Setting up a Ruby on Rails environment

Ruby on Rails is a great framework with lots to offer, but to those unfamiliar with either Ruby or Rails, it can be a bit intimidating to get a development environment set up.

Note: I’ll only be covering installation for Mac OS X (specifically Lion) because that’s what I’m using. Windows users should have a look at RailsInstaller and Linux users probably don’t need help anyways.

Custom FTW

There are lots of ways to set up a Rails environment, but I’m only going to cover my preferred configuration, which is using rbenv and ruby-build.

A few reasons why we’re not going to bother with the default Mac OS X version of Ruby:

  • it’s already out of date
  • it doesn’t support multiple versions
  • it can easily break after OS upgrades

We’re also not going to bother with RVM, but I won’t go into the reasons why. If you’re curious, just read the rbenv/rvm comparison on the rbenv Github page. (Nothing against RVM, I just prefer rbenv/ruby-build)

rbenv: Simple Ruby version management

That title doesn’t lie - installing rbenv is pretty simple, but you will need to have Git on your system. If you don’t have it yet, you can download and install the Mac package from the official website.

First things first, open up and type the following commands (without the dollar sign - that’s used to represent your shell prompt):

$ cd
$ git clone git:// .rbenv

If you’re unfamiliar with shell commands, all we did was change into our home directory (/Users/yourusername) and cloned a Git repository into a new directory called .rbenv (in OS X any files/folders that begin with a period are hidden by default).

Now in Terminal, type the following:

$ echo 'export PATH="$HOME/.rbenv/bin:$PATH"' >> ~/.bash_profile
$ echo 'eval "$(rbenv init -)"' >> ~/.bash_profile
$ exec $SHELL

The commands above should have added a few lines of code to your bash profile (a hidden file located in your home directory). These commands pretty much tell your shell what to do when you type an rbenv command. The last command will restart your shell and let you start using the rbenv command. (If the last command doesn’t work, try relaunching Terminal and that should do it.)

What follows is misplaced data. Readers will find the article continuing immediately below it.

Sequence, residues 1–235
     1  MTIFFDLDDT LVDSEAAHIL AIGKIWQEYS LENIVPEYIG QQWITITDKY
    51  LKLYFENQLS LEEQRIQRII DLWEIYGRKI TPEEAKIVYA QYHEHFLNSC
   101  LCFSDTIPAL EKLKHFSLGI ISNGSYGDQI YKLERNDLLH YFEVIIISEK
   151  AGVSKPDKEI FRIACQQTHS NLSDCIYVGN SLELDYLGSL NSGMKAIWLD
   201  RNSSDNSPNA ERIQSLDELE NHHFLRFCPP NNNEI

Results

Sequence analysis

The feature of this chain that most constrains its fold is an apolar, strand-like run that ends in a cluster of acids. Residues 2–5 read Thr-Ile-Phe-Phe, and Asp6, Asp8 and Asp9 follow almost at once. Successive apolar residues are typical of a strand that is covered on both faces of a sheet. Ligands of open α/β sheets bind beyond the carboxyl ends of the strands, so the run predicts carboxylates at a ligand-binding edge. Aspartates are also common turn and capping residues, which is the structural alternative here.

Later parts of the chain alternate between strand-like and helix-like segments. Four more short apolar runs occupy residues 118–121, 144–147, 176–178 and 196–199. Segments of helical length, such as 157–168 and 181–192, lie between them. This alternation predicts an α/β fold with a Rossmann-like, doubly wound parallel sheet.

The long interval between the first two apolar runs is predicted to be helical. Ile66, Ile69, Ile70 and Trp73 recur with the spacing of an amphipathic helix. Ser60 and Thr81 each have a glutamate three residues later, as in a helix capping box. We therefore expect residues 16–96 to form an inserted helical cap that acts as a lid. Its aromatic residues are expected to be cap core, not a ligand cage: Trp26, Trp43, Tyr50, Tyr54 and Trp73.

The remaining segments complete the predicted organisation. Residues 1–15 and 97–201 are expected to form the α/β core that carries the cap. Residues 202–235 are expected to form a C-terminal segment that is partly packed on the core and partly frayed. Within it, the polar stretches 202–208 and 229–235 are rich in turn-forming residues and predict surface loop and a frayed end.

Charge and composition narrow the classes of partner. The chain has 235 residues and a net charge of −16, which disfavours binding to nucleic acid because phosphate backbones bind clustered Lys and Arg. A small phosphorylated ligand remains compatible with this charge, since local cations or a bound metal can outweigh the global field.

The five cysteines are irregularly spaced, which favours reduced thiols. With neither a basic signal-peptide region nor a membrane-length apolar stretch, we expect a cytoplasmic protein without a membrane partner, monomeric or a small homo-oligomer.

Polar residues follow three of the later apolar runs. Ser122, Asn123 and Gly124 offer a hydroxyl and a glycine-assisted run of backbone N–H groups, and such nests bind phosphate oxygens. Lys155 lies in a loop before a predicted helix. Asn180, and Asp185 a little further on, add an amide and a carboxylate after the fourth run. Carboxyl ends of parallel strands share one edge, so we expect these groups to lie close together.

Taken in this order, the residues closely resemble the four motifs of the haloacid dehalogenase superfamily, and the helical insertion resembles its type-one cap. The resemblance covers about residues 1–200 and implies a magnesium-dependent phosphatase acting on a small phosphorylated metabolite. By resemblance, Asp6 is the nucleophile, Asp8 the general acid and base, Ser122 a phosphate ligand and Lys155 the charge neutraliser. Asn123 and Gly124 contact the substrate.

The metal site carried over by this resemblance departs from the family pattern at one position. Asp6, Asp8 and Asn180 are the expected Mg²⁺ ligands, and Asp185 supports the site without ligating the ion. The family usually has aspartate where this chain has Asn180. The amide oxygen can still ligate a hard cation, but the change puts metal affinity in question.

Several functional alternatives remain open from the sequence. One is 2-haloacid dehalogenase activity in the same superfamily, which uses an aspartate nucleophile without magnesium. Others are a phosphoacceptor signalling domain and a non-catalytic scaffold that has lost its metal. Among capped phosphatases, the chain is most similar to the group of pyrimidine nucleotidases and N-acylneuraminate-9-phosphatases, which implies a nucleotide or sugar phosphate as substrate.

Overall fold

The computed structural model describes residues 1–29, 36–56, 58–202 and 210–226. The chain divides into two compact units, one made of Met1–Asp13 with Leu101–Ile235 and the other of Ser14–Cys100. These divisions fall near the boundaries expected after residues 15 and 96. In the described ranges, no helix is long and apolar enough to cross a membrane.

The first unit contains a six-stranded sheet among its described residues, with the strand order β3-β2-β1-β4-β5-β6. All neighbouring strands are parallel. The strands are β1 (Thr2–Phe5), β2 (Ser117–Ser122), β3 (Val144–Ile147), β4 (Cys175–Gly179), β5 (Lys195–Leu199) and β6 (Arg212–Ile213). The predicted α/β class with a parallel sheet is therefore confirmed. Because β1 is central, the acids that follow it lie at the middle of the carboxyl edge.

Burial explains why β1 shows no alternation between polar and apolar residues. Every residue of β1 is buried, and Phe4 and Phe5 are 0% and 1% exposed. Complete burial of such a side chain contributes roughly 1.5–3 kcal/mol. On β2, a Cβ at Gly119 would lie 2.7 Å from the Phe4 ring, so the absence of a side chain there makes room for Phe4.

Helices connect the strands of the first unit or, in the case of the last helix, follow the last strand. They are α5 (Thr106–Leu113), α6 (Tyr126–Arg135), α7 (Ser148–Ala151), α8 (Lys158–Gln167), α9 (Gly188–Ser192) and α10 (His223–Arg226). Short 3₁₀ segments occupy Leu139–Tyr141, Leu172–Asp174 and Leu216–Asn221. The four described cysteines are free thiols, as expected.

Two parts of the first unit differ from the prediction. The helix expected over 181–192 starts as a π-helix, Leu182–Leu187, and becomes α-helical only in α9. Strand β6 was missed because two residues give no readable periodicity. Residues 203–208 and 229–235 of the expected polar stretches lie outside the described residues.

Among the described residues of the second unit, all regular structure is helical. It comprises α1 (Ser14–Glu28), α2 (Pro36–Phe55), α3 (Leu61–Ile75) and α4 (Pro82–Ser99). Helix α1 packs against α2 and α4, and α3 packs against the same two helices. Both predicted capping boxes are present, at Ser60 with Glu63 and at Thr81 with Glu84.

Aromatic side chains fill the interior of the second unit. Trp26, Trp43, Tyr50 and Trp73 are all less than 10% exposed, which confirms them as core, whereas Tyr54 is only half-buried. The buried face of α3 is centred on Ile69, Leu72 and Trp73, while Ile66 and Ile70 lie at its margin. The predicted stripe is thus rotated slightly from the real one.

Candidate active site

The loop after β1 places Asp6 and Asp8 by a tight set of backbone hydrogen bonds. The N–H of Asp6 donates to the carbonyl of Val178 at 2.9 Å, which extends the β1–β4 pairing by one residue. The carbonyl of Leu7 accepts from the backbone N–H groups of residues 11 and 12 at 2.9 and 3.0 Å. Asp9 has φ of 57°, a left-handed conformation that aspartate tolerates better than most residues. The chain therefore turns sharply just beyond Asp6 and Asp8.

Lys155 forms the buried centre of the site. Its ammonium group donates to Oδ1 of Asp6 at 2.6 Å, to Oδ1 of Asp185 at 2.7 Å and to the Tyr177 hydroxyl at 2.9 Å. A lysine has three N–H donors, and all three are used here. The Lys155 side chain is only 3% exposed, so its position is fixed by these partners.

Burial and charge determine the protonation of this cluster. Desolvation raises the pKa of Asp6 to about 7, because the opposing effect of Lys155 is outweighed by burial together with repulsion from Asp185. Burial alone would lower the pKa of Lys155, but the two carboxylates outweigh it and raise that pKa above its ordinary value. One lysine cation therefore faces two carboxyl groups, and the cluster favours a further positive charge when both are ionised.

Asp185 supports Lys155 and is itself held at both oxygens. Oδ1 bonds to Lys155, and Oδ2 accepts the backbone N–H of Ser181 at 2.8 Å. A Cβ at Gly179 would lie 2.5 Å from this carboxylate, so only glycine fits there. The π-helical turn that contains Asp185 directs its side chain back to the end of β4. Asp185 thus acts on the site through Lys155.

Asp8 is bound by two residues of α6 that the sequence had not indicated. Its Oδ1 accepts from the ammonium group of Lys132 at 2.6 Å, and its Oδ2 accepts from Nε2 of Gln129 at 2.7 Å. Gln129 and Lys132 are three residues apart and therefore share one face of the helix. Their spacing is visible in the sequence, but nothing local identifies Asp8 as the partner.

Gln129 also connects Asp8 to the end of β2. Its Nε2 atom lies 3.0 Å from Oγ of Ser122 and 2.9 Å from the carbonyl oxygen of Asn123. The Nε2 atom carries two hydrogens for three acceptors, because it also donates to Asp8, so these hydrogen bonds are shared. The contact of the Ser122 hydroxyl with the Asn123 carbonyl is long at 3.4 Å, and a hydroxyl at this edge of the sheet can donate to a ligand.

Next, enter the following command into Terminal and you should see a help screen with the version of rbenv and all the possible commands.

$ rbenv

If you don’t get an error that means you’ve done everything correctly - congrats! Now we have rbenv set up, but we still need to install a few more things.

Enter ruby-build

If you thought installing rbenv was easy, then you’ll love ruby-build, which by the way, are both of which are made by the super awesome Sam Stephenson of 37signals.

We’re going to be installing ruby-build as a plugin for rbenv, so you’ll need to run the following commands into your Terminal:

$ mkdir -p ~/.rbenv/plugins
$ cd ~/.rbenv/plugins
$ git clone git://

The above commands created a subdirectory called plugins in /Users/yourusername/.rbenv, changed into that newly created directory and cloned the Git repo containing ruby-build. You can check ~/.rbenv/plugins to check and see if there’s a ruby-build directory there. If there is, it’s successfully installed.

Now that we have both rbenv and ruby-build set up and properly working, all we have to do is install the latest stable version of Ruby and set it as the default version.

In order for this step to work, you’ll need to have Xcode installed on your system. You can grab it for free from the Mac App Store if you need to. Once it’s installed, run the following commands. (The first command may take a while because it needs to download and compile the Ruby source code.)

$ rbenv install 1.9.3-p194
$ rbenv rehash
$ rbenv global 1.9.3-p194

We’re almost done - just a few more steps and you can start using Rails.

Multiple versions of Ruby

It’s worth noting that the above commands will also allow you to install any other versions of Ruby (old or new), simply by changing the build number.

For example, if you needed to support an older Rails app that requires Ruby 1.8, you would type:

$ rbenv install 1.8.7-p358
$ rbenv rehash
$ cd ~/legacy-rails-app/
$ rbenv local 1.8.7-p358

Then you could have the latest Ruby version set as your system default, but override it on a per project basis using the rbenv local command.

RubyGems and Rails

Since we’ll be installing Rails from the RubyGems library, we want to make sure that we have the latest version. RubyGems should already be installed by default, so all we’ll have to do is make sure it’s up to date.

$ gem update --system

Once that’s finished updating, we’ll need to install the Rails gem.

$ gem install rails

Rails and RubyGems are now installed and up-to-date.

Finishing up

Our shiny new Ruby on Rails development environment should now be set up, properly configured and ready to start using.

By choosing the rbenv/ruby-build configuration, we’ve made it pretty easy for ourselves to stay up-to-date with the latest version of Ruby. We also now have the ability to support legacy Rails apps that may require older versions of Ruby (like 1.8).

If you’re wondering what to do next, you may want to read my previous article on Getting started with Ruby on Rails.

Also, if you’ve run into any into problems during the installation process, I’ll try my best to answer any questions you may have on Twitter.